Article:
Watermanship Page: 62
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board, the strongest swimmers should grasp ropes from
the boat to keep it from dritfing away with the current
or wind. Immediately after the attack plug up all bullet
holes with the wooden plugs and cloth.
35. ABANDON-SHIP PROCEDURE; OVER THE SIDE.
Observe the following precautions when ordered to
abandon ship over the side:
a. Enter the water with the idea of reaching a boat,
raft, or other object which will support you. If possible,
choose your objective first.
b. Avoid entering the water--
(1) Where there is oil or flame.
(2) Between the ship and a boat or raft close to it,
which might crush you against the side.
(3) Near the propellers, if the ship is under way.
(4) Amidships, as your vessel may have a bilge keel
at that point which cannot be seen under water but may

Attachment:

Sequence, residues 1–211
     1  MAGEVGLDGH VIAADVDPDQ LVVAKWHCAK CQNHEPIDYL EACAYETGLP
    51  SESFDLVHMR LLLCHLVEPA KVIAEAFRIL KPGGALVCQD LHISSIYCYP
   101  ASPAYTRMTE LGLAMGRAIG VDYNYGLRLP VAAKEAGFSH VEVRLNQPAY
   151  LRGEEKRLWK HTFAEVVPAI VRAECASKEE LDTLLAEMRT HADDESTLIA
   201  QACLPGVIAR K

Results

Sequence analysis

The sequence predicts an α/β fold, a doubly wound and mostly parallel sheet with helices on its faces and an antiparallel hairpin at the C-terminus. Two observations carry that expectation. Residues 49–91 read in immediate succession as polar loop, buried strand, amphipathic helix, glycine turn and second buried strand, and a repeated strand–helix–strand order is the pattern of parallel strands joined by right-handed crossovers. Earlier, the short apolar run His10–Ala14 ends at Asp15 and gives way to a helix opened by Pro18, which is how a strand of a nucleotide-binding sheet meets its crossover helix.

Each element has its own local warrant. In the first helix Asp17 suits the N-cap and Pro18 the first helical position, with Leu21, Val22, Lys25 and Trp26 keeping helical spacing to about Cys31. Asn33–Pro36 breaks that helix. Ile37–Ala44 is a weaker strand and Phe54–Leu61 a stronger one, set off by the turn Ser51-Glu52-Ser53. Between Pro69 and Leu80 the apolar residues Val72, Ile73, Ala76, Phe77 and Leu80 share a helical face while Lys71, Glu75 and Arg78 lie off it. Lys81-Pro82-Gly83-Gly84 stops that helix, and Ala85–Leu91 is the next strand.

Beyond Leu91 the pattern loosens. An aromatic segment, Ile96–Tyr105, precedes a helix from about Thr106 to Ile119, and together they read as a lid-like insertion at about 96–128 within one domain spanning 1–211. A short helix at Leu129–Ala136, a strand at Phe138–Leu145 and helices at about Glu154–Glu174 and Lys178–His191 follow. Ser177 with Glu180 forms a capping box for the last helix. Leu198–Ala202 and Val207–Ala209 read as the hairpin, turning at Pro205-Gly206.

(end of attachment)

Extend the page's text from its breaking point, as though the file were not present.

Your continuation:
cause serious injury if struck by you when falling.
c. Enter the water-
(1) From the part of the ship nearest the water, fore
or aft if possible.
(2) On the windward side. An exception to this may
arise when ship has been struck on the windward side
and is losing oil or gasoline on that side. Under these
circumstances, enter water on opposite side and imme-
diately row or swim away from ship, beyond her stern
(3) At a spot free of debris.
(4) Where barnacles are fewest.
d. Follow the instructions in paragraphs 17 through
36. JUMPING WITHOUT OIL. a. Precautions; jumping
with life jacket. When all other means of leaving the
ship are being used to capacity or are out of order, jump,
don't dive, and look before you jump. Observe the
following precautions in addition to those outlined in
Here’s what’s next.
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United States. War Department. Watermanship, book, April 25, 1944; Washington, D.C.. (digital.library.unt.edu/ark:/67531/metadc96650/m1/68/: accessed July 22, 2017), University of North Texas Libraries, Digital Library, digital.library.unt.edu; crediting UNT Libraries Government Documents Department.